11 January 2017
Since all the children share the same blood and flesh, Christ too shared equally in it, so that by his death he could take away all the power of the devil, who had power over death, and set free all those who had been held in slavery all their lives by the fear of death. For it was not the angels that he took to himself; he took to himself descent from Abraham. It was essential that he should in this way become completely like his brothers so that he could be a compassionate and trustworthy high priest of God’s religion, able to atone for human sins. That is, because he has himself been through temptation he is able to help others who are tempted.
On leaving the synagogue, Jesus went with James and John straight to the house of Simon and Andrew. Now Simon’s mother-in-law had gone to bed with fever, and they told him about her straightaway. He went to her, took her by the hand and helped her up. And the fever left her and she began to wait on them.
That evening, after sunset, they brought to him all who were sick and those who were possessed by devils. The whole town came crowding round the door, and he cured many who were suffering from diseases of one kind or another; he also cast out many devils, but he would not allow them to speak, because they knew who he was.
In the morning, long before dawn, he got up and left the house, and went off to a lonely place and prayed there. Simon and his companions set out in search of him, and when they found him they said, ‘Everybody is looking for you.’ He answered, ‘Let us go elsewhere, to the neighbouring country towns, so that I can preach there too, because that is why I came.’ And he went all through Galilee, preaching in their synagogues and casting out devils.
“Christ too shared equally in it”
While I have known the Catholic tradition for more than 40 years, I only got baptised some 30 odd years ago. I had also been to the church of another Christian denomination for quite a few years, and this situation caused me to be aware of how different these two worlds were.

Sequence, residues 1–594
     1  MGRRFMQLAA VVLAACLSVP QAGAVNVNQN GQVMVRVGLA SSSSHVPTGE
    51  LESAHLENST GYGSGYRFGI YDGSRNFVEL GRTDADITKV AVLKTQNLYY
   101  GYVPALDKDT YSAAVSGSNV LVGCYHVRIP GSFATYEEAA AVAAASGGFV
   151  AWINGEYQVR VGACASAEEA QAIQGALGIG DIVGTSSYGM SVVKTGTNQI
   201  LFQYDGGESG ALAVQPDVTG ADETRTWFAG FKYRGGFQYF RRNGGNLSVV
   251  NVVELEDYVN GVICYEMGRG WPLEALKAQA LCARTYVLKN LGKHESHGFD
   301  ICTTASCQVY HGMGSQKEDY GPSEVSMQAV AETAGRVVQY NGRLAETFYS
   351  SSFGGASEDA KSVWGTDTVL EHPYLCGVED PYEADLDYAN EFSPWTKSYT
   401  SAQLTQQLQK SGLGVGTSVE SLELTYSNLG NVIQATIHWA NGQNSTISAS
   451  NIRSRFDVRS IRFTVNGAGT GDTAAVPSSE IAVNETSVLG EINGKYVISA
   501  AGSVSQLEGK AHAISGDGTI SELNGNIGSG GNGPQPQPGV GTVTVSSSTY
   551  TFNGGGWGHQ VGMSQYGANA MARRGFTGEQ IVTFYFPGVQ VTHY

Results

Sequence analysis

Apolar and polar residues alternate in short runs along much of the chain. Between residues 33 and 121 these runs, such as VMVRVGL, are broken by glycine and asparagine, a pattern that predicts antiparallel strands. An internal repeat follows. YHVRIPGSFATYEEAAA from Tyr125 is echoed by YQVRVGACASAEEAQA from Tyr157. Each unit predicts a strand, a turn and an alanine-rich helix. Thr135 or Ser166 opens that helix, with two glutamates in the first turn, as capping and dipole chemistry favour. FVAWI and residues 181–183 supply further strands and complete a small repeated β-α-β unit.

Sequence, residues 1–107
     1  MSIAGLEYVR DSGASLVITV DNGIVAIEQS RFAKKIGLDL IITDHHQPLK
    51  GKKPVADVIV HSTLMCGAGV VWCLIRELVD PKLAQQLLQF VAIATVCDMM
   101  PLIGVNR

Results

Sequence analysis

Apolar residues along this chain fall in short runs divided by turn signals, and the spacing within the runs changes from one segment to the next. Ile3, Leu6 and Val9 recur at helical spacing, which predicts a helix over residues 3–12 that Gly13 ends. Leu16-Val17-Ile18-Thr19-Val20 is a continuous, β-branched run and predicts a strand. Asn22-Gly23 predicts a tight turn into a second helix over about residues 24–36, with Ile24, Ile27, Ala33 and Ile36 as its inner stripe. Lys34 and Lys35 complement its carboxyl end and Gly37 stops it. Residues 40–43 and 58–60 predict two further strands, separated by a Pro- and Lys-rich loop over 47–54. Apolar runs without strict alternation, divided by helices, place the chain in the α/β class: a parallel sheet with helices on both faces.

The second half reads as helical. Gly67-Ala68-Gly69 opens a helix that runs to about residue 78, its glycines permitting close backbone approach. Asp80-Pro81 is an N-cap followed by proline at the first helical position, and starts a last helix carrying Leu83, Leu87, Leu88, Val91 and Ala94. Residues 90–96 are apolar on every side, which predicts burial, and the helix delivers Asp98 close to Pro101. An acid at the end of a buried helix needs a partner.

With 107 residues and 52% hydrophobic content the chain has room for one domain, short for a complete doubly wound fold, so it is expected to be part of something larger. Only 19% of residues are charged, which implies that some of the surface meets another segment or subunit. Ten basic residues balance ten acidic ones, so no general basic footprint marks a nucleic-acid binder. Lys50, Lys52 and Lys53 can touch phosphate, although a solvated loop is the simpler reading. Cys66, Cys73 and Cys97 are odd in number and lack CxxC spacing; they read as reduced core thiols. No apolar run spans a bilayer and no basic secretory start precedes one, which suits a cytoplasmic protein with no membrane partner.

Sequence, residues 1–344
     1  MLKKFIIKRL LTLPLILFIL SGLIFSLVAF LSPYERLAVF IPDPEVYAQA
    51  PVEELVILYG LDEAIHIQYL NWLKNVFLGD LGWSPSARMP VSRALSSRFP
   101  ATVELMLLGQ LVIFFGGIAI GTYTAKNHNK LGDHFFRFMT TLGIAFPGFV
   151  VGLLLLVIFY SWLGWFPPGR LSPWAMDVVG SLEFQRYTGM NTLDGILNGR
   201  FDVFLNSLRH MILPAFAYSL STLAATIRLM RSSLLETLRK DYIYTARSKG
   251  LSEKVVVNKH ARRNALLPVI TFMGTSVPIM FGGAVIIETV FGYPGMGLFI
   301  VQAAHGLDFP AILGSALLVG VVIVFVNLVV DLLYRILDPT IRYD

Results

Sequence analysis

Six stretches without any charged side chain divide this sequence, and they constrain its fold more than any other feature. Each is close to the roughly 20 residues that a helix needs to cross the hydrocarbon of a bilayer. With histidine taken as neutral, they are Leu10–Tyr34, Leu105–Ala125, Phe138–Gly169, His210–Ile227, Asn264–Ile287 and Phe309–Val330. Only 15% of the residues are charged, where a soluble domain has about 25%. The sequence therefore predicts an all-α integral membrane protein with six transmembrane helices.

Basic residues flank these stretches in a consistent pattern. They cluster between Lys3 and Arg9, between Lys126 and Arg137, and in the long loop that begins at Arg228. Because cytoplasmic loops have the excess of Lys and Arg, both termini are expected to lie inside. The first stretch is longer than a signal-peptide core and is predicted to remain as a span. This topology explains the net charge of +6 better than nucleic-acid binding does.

One of the ‘oddities’ I was uncomfortable with was the Veneration of the Cross, which takes place on Good Friday. For many years, I quietly and quickly left the church when this began. My feeling was that everyone was worshipping a piece of wood! Why would anyone bow and genuflect in front of this obviously man-made object?
My answer came when I watched Mel Gibson’s ‘The Passion’. I remember the scene when Jesus died on the cross; Mother Mary had her eyes on her Son, and lovingly she kissed His feet. That was when it hit me; when we venerate the cross, we do not venerate the actual cross itself. Our eyes are fixed on Jesus, and we are worshipping our Lord. What an incredible revelation and gift it was for me to realise that!
Another bigger realisation was the fact that our God had physically been on Earth with us! I know that because of this, our God REALLY understands what it is like to be in our shoes. He would have felt the things I felt and experienced the things I experienced.
I am thankful for the tremendous love that my God has for me. Because of this love, and the fact of our mutual human experience, I know that I can always turn to Him in all the challenges I face.
(Today’s Oxygen by Paul Wee)
Prayer – Dear Lord Jesus, I ask that You may always walk with us as we journey through life. I pray that You may give us the fortitude to be faithful.
Thanksgiving – Thank You Father, for sending Your Son Jesus to not only die for our sins, but also to show us the way to live; with faith, hope, joy and love.